Although it is part of our present concept of pornography that it has some relationship to sexual feelings or activities, the most important and difficult social issues raised by pornography are not concerned with its sexual content. They are concerned with its sometimes recommending, condoning, or portraying acts of unjustified physical coercion, such as rape, involuntary bondage, torture and mutilation, and sex between adults and children. 1 Acts of physical coercion are morally wrong unless they are justified by such circumstances as self-defense, defense of others, or prevention of greater harms. 2 In addition, we have a right to society's efforts to protect us from unjustified physical coercion and an obligation to contribute to the protection of others from it. In contrast, nothing is immoral just in virtue of its being sexual, and we have no rights or duties with regard to protection from sexual activities that are voluntary. I think that these differences between the two kinds of actions have implications for the treatment of material which recommends, condones, or portrays them.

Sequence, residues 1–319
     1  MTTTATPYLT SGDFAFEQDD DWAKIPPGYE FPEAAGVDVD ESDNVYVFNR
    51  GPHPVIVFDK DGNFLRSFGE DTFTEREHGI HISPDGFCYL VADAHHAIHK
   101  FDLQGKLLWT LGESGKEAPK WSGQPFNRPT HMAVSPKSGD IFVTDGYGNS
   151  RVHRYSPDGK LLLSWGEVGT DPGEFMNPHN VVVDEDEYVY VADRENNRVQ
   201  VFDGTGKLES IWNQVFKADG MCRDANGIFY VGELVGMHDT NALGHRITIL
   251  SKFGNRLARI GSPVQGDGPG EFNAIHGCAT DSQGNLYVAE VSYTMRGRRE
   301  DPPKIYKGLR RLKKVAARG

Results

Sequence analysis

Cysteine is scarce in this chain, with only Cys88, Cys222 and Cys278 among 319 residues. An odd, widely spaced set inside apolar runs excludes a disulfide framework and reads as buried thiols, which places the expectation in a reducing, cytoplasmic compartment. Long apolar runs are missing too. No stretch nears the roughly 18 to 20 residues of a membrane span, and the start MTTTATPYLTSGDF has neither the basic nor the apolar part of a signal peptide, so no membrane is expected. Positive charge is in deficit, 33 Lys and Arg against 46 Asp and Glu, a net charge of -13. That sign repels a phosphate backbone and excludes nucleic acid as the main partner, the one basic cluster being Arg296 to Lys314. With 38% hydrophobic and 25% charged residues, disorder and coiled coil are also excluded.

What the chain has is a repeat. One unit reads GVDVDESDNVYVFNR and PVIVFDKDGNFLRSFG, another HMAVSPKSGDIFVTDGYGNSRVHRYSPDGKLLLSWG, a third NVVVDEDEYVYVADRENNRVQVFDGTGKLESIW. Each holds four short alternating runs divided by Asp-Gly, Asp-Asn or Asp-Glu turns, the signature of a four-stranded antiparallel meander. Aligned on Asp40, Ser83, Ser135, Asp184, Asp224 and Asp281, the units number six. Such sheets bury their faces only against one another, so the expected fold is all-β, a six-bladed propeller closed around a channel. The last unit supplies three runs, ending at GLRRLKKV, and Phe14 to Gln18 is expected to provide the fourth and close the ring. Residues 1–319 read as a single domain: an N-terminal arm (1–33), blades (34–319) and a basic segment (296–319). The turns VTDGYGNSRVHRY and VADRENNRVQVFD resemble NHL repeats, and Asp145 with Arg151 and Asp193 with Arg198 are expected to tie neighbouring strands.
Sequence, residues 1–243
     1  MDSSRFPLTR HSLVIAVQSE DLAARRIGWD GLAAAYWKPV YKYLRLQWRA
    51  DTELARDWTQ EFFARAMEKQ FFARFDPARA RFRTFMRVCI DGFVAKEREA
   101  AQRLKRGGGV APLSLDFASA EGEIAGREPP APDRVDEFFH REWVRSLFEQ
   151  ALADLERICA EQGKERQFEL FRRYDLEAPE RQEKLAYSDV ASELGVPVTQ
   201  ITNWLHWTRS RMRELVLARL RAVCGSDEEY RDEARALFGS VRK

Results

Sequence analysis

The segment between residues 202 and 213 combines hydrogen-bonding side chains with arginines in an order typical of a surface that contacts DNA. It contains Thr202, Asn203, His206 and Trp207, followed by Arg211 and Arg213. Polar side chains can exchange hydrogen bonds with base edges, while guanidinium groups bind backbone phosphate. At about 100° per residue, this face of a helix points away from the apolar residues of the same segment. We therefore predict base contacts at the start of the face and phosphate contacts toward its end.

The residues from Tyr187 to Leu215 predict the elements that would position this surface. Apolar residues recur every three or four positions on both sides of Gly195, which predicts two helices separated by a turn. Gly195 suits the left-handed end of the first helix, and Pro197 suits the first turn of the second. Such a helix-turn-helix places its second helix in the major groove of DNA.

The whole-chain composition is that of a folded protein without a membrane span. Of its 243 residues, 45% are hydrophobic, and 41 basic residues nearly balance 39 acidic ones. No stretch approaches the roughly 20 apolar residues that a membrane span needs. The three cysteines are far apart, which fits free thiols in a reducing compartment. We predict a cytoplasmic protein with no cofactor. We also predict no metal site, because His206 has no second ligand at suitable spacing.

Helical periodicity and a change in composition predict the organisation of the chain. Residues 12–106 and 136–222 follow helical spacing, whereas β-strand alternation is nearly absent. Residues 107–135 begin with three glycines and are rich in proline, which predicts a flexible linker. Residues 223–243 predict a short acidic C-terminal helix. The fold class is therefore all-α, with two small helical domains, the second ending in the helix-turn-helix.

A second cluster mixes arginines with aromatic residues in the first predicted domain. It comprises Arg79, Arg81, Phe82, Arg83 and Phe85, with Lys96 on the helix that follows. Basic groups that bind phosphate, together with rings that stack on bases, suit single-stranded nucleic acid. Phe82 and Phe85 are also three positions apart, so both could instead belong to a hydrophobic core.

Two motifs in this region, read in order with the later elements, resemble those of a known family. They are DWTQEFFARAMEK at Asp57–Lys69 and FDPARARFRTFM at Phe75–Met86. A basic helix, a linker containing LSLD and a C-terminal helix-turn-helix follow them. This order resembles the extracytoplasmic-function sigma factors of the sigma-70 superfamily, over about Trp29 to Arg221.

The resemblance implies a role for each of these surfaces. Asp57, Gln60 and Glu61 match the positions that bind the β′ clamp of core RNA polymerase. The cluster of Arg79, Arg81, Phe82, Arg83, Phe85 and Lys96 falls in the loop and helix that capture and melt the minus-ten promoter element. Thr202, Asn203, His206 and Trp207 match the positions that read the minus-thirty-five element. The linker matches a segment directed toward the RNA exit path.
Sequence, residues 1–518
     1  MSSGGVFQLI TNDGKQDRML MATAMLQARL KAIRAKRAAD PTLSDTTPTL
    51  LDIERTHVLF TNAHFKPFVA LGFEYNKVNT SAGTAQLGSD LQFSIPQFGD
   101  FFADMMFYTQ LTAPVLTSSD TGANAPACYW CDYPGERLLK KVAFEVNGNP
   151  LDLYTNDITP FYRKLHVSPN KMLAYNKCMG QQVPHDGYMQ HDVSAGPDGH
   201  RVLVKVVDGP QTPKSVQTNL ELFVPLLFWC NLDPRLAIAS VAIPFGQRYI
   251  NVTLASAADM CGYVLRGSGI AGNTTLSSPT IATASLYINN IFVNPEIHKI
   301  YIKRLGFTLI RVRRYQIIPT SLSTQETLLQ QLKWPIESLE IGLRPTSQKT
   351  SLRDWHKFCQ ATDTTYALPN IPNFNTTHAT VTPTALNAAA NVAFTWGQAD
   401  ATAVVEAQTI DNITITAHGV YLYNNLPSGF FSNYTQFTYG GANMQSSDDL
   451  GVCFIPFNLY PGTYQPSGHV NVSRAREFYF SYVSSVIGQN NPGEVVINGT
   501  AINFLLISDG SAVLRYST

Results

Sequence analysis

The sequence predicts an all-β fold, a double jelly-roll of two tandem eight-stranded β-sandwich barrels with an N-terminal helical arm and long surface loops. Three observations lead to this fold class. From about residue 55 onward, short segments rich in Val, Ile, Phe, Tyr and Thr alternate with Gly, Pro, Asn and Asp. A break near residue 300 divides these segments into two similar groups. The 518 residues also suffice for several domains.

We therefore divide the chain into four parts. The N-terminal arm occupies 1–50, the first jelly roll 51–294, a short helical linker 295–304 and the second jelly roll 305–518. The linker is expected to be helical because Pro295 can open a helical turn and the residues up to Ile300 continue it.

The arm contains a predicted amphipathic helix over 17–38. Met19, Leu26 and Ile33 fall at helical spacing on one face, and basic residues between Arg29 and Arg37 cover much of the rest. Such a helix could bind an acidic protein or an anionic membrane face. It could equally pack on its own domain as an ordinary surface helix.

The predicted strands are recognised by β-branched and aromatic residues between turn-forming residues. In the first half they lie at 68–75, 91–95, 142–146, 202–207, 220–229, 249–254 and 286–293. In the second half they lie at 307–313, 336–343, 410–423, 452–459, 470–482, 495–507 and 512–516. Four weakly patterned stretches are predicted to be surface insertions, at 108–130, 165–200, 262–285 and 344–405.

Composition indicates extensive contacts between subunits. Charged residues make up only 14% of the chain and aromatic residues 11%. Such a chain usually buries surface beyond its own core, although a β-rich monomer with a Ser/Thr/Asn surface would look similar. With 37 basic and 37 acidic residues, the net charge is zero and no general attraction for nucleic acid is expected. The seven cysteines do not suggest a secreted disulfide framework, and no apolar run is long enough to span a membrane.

In this essay, I will not attempt to show that physical coercion requires justification or that we have rights and duties with regard to protection from unjustified physical coercion; I will take it for granted that the reader agrees with these assertions. Nor will I criticize the existing laws concerning pornography, except by implication, nor propose specific legislation or
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